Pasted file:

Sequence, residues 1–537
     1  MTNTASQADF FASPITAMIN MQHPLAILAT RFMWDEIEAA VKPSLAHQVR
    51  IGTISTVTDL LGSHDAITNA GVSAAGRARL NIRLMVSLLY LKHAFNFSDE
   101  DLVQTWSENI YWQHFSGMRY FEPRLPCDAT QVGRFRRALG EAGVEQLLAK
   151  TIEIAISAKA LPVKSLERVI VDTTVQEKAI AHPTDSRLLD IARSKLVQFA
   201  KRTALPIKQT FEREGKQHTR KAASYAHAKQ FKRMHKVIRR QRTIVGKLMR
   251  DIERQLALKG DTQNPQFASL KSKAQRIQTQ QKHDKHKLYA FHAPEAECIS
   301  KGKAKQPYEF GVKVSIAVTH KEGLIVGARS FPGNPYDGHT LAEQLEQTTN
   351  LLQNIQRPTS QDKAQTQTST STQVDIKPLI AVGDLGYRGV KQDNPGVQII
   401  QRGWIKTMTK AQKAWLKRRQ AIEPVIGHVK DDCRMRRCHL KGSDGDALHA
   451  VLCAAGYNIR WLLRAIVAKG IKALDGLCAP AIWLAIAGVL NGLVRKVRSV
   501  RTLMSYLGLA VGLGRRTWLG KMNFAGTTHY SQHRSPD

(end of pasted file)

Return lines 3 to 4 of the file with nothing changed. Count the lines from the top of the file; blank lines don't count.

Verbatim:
    51  IGTISTVTDL LGSHDAITNA GVSAAGRARL NIRLMVSLLY LKHAFNFSDE
   101  DLVQTWSENI YWQHFSGMRY FEPRLPCDAT QVGRFRRALG EAGVEQLLAK